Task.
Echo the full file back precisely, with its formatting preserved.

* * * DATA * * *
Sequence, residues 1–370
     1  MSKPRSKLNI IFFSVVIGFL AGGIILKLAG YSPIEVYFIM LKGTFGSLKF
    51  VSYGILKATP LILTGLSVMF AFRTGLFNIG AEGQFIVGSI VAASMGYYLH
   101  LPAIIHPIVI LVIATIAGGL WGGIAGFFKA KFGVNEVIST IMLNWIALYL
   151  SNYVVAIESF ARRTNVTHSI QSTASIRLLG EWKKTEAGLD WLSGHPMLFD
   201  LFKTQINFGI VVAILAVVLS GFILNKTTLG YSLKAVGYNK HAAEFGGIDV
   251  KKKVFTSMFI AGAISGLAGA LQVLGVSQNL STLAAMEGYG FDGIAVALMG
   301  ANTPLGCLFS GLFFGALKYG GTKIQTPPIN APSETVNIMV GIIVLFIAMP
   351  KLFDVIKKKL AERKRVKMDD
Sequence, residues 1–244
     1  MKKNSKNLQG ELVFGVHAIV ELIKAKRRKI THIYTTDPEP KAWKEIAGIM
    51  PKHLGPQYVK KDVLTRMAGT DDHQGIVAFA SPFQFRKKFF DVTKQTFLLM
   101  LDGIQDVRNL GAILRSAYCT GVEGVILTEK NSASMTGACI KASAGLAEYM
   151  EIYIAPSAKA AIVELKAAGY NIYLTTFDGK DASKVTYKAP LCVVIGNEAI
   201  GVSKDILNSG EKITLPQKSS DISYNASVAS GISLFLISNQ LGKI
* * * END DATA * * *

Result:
Sequence, residues 1–370
     1  MSKPRSKLNI IFFSVVIGFL AGGIILKLAG YSPIEVYFIM LKGTFGSLKF
    51  VSYGILKATP LILTGLSVMF AFRTGLFNIG AEGQFIVGSI VAASMGYYLH
   101  LPAIIHPIVI LVIATIAGGL WGGIAGFFKA KFGVNEVIST IMLNWIALYL
   151  SNYVVAIESF ARRTNVTHSI QSTASIRLLG EWKKTEAGLD WLSGHPMLFD
   201  LFKTQINFGI VVAILAVVLS GFILNKTTLG YSLKAVGYNK HAAEFGGIDV
   251  KKKVFTSMFI AGAISGLAGA LQVLGVSQNL STLAAMEGYG FDGIAVALMG
   301  ANTPLGCLFS GLFFGALKYG GTKIQTPPIN APSETVNIMV GIIVLFIAMP
   351  KLFDVIKKKL AERKRVKMDD
Sequence, residues 1–244
     1  MKKNSKNLQG ELVFGVHAIV ELIKAKRRKI THIYTTDPEP KAWKEIAGIM
    51  PKHLGPQYVK KDVLTRMAGT DDHQGIVAFA SPFQFRKKFF DVTKQTFLLM
   101  LDGIQDVRNL GAILRSAYCT GVEGVILTEK NSASMTGACI KASAGLAEYM
   151  EIYIAPSAKA AIVELKAAGY NIYLTTFDGK DASKVTYKAP LCVVIGNEAI
   201  GVSKDILNSG EKITLPQKSS DISYNASVAS GISLFLISNQ LGKI